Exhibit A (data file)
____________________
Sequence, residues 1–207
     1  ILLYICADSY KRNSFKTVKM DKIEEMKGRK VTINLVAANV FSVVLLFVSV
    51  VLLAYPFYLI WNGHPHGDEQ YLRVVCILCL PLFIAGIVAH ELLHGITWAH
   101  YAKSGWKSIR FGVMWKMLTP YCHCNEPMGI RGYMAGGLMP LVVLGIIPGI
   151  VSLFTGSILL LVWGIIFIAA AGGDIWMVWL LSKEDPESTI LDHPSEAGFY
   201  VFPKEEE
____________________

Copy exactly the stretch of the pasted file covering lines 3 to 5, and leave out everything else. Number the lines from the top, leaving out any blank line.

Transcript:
    51  VLLAYPFYLI WNGHPHGDEQ YLRVVCILCL PLFIAGIVAH ELLHGITWAH
   101  YAKSGWKSIR FGVMWKMLTP YCHCNEPMGI RGYMAGGLMP LVVLGIIPGI
   151  VSLFTGSILL LVWGIIFIAA AGGDIWMVWL LSKEDPESTI LDHPSEAGFY